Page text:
Frequently, the deeper goal of a hiring executive is to hire for tomorrow – what they will need one or two years down the road – instead of just hiring for a job that needs to be filled today.
Traditional job advertisements, online or otherwise, usually include an accurate job description of the current job. They are posted, replied to and then the applications are screened, the initial finalist interviewed, references are checked and then the ultimate finalist is hired. The focus is on the ability to meet the job requirements as they are today, and fit into the organization culture/team.
But what if the hiring manager actually has longer term plans or expectations from the hiring process? To understand those, you need to go deeper during the initial job analysis process. Using key questions, you will often discover that senior level managers don’t want to just hire someone to perform the required tasks, they want someone who will generate a longer-term return on the recruitment dollar investment. Specifically, they want someone who will grow with the company and have a long term career within the team. They want to recruit once instead of having to replace people on the typical two-to-three year cycle.
Sometimes hiring managers who have been with the organization for a long time assume their brand is perceived as offering a career, instead of a job opportunity. However, I have found that assumptions like that can, more often than not, lead to misunderstandings. The question becomes, how do you clearly convey that you are offering more than just a job? How do you go from a job posting to a career posting?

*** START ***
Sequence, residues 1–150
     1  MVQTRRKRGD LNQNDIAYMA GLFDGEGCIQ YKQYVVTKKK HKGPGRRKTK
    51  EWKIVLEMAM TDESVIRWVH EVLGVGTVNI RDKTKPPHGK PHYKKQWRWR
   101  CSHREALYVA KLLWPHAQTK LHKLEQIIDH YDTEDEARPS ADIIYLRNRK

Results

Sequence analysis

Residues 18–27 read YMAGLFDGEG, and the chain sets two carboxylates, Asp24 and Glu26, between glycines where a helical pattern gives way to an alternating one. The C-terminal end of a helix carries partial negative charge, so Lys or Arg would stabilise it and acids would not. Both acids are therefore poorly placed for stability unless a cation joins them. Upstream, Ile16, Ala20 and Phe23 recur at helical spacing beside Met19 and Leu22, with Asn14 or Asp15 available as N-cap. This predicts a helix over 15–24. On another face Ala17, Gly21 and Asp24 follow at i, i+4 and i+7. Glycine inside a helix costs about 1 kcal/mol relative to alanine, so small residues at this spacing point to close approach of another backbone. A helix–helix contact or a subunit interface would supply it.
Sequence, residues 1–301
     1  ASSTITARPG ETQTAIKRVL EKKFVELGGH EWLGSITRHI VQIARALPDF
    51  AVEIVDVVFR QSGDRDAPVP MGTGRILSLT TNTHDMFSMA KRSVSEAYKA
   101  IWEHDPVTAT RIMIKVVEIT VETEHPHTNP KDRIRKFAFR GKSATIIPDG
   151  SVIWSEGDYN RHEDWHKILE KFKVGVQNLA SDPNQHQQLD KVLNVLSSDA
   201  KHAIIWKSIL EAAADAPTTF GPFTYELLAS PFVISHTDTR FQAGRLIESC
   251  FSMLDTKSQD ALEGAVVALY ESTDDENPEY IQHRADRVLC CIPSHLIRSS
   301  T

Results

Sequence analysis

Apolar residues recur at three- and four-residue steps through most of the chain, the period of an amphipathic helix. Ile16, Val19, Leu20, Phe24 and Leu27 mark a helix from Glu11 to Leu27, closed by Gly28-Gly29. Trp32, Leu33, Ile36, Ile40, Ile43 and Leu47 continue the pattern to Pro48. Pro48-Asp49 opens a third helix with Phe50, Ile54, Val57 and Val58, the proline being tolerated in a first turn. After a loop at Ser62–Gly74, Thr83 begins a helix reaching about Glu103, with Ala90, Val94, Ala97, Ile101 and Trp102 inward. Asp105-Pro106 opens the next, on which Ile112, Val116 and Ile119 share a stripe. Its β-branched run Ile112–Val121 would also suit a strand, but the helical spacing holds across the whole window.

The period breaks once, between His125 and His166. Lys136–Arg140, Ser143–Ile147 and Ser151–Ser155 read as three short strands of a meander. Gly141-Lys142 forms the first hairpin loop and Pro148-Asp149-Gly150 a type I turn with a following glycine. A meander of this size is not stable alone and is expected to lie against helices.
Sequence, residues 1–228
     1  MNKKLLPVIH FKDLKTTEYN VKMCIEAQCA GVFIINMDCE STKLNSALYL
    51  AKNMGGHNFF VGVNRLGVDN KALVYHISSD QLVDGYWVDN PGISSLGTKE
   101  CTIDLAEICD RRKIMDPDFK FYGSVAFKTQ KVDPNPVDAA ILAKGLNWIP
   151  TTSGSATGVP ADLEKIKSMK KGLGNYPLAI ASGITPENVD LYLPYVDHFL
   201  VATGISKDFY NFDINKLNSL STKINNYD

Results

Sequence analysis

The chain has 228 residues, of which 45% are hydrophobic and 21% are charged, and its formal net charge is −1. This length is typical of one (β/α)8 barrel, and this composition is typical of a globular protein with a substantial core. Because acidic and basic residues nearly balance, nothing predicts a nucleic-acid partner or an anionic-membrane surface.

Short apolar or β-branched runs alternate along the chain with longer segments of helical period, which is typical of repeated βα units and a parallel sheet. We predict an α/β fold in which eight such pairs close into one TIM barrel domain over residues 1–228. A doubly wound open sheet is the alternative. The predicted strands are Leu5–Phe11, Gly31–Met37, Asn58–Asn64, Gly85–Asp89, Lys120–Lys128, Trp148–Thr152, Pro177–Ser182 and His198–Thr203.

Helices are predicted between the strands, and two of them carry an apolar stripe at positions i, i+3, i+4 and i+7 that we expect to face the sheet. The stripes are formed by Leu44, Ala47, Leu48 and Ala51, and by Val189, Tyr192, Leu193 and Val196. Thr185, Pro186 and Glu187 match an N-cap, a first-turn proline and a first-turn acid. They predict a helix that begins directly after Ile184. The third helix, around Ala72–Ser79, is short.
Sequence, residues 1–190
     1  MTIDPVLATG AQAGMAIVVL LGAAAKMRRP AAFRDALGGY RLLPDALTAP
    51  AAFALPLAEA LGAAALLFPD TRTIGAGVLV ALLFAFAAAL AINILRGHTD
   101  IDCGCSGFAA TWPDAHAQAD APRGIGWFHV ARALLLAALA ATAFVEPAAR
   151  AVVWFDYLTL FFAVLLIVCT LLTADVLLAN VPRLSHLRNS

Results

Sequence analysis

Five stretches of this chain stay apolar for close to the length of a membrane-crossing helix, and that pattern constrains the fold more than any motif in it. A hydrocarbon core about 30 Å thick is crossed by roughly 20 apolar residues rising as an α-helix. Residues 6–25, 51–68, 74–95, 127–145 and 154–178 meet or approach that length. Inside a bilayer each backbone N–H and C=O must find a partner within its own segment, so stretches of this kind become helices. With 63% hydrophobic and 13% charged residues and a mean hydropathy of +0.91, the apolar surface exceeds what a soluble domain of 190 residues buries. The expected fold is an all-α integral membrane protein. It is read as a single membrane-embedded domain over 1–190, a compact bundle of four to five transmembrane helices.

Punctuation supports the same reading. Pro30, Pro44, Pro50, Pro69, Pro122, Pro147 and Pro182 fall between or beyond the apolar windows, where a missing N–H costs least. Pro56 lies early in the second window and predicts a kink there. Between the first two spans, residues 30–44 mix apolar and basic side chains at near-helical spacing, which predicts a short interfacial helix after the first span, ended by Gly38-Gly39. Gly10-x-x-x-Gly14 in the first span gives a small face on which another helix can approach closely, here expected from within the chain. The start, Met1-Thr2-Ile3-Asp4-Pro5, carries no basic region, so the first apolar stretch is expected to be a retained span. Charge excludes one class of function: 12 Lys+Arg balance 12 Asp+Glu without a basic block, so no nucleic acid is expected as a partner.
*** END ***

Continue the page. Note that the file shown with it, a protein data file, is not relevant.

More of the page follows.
I have found that a successful approach is to make the career point right in the title of the career e-mail/advertisement. For example, “Career Posting with Salary, Accounting Manager – future Controller…”. To really send the career opportunity point home within the body of the posting, consider repeating and bolding the statement “Accounting Manager – future Controller”. Additionally, to raise candidate confidence even higher, indicate what goals or milestones need to be achieved by the right candidate for them to qualify for the promotion from Accounting Manager to Controller. This even applies to more senior career opportunities, for example, from Director, Finance to VP, Finance/CFO.
As simple as this seems, it’s often overlooked as a simple way to attract candidates who are more interested in a career than a job.